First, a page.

Prevention of Snow Accretion on Camera Lenses of Autonomous Vehicles 2020-01-0105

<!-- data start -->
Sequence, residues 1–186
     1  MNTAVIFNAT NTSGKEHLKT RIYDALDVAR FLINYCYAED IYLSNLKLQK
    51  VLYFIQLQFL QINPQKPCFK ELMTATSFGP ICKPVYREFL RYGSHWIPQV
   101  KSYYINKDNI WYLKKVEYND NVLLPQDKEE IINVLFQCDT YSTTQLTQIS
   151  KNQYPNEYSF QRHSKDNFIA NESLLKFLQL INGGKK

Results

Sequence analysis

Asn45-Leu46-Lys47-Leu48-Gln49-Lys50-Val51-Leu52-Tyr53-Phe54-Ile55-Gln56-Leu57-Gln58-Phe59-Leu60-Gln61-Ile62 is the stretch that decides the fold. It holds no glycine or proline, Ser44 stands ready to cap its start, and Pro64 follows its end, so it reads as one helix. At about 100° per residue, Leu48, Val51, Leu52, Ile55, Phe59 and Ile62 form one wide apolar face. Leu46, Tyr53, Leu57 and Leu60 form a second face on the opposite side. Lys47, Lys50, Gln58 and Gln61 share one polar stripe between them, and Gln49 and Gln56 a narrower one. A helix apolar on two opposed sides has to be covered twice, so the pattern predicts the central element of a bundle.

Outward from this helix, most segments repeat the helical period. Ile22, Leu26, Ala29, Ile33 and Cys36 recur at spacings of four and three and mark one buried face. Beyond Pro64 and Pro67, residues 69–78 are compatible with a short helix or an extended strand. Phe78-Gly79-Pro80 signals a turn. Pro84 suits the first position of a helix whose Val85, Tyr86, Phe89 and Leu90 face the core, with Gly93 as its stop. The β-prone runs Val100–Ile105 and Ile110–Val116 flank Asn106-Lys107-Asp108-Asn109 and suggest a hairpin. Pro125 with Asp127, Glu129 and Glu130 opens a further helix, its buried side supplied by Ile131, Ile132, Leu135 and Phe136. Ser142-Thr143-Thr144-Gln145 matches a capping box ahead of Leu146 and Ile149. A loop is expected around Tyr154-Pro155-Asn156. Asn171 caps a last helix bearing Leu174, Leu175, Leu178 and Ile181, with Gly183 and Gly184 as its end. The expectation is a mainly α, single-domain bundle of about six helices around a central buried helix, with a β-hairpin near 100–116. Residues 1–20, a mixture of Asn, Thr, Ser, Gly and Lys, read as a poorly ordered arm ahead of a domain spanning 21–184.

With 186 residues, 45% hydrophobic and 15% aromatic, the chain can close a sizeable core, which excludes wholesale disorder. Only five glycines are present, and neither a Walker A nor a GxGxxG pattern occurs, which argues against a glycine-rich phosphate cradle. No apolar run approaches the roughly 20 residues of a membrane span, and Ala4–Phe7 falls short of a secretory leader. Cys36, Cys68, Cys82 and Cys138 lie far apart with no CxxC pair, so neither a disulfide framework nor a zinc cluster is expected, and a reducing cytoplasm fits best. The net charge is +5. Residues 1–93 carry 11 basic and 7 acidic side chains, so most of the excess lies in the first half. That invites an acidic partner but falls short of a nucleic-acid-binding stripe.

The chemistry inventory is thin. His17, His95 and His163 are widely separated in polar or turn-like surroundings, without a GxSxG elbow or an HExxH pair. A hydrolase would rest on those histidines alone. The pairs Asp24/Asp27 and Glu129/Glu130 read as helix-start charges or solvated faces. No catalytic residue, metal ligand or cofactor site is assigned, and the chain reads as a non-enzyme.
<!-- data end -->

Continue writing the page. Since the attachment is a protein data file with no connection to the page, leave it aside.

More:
With the rapid development of artificial intelligence, the autonomous vehicles (AV) have attracted considerable attention in the automotive industry. However, different factors negatively impact the adoption of the AVs, delaying their successful commercialization. Accretion of atmospheric icing, especially wet snow, on AV sensors causes blockage on their lenses, making them prone to lose their sight, in turn, increasing potential chances of accidents. In this study, two different designs are proposed in order to prevent snow accretion on the lenses of AVs via air flow across the lens surface. In both designs, lenses made of plain glass and superhydrophobic coated glass surfaces are tested. While some researchers have shown promise of water repellency on superhydrophobic surfaces, more snow accretion is observed on the superhydrophobic surfaces, when compared to the plain glass lenses. In the experiments, snow is formed using a novel snow gun inside a walk-in cold room connected to a wind tunnel that can reach wind speeds of up to 40 mph. It is observed that the air flow over the lens significantly reduces the accretion of snow on the lens and could maintain the lens clean for up to 20 mph wind velocities. However, at LWC values of approximately 28%, the stickiness of the snowflakes increases, enhancing snow accretion on the lenses and translating to significant loss of sight. The high stickiness of the snowflakes along with high wind speeds leads to increased blockage of the AV lenses.